business news in context, analysis with attitude

The Washington Post reports that "unusual weather in the Southwest could cause a nationwide salad shortage later this month. But that’s just the tip of the iceberg (lettuce): Scientists say the weird weather is probably caused by climate change — which means these sorts of problems are likely to happen again."

There have bee two distinct phenomena, "in Arizona’s Yuma County and California’s Salinas Valley, the two places where the United States grows most of its leafy greens. In Yuma, the lettuce harvest, which usually runs from November to April, wound up early because of unusually warm weather. And in central California, which typically picks up the harvest once Yuma is done, heavy precipitation delayed some plantings."

Both, the story says, "have a link to atmospheric warmth," according to scientists.

The story goes on: "Incidentally, these sorts of cascading disruptions aren’t just limited to lettuce — or even to the United States. Britain recently suffered a widely publicized shortage of iceberg lettuce, zucchini, broccoli and cabbage, brought on by extreme weather in Europe’s 'salad bowl,' Spain.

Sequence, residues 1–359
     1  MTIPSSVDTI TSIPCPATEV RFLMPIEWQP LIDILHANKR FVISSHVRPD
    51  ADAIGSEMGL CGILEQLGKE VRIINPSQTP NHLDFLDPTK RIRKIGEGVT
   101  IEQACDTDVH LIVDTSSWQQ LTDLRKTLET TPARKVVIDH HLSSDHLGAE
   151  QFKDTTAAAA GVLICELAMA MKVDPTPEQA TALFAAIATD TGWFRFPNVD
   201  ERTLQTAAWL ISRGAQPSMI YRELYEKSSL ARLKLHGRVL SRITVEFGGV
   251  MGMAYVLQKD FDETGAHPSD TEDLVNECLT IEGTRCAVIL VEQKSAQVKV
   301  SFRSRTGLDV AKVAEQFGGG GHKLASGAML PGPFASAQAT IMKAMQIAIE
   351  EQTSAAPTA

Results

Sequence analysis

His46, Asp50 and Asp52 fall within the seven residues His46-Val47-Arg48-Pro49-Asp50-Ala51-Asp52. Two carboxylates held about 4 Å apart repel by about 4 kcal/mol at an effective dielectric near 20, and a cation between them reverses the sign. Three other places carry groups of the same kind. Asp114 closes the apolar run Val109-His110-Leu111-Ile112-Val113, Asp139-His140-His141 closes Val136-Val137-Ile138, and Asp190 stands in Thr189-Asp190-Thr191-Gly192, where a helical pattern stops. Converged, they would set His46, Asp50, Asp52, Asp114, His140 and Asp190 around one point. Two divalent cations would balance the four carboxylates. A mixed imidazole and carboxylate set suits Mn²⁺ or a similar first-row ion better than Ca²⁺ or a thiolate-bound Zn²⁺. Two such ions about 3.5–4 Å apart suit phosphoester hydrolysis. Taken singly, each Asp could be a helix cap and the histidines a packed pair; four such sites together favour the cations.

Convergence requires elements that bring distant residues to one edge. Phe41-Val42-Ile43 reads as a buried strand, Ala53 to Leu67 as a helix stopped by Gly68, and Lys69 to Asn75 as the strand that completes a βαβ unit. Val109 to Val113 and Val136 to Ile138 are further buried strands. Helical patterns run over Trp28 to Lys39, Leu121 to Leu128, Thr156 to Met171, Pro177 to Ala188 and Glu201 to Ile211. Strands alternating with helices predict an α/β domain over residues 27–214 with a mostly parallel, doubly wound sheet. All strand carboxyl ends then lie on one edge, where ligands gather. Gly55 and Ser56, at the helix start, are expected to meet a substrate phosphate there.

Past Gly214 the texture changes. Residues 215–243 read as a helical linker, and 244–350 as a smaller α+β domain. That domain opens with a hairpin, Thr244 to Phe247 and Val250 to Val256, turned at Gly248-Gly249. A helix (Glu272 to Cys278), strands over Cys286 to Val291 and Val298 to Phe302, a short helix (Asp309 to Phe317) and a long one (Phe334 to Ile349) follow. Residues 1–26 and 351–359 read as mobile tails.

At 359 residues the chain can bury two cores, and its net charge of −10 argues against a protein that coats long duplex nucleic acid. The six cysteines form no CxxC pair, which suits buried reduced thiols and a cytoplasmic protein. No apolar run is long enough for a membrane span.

"Closer to home, fruit growers across the Northeast and Midwest have expressed concern that unusually high and fluctuating temperatures could cause crops like apples, cherries, plums and grapes to develop too early and expose them to spring freezes. The Progressive Farmer recently warned that 'almost off the charts' temperatures in Kansas and Oklahoma could put early-growing winter wheat at similar risk, plus expose it to warm-weather pests and diseases."
KC's View:
The Post story goes on to say that "the National Climate Assessment estimated that California and Arizona will have gained 70 extra hot nights per year and 12 to 15 additional consecutive days without rain by the end of the century, because of warming." The implication is that these trends inevitably are going to have an impact how what we grow and eat, which will, of course, affect that food store sell.

I think this is worthy of attention, and of a public policy approach that tries to figure out how best the planet can deal with climate change, regardless of the degree to which people think it is caused by human behavior. This would not include the proposed defunding of research programs - like that run by the National Environmental Satellite, Data and Information Service - that track and forecast weather systems with short-term and long-term implications ... including, as it happens, for the food on Americans' tables.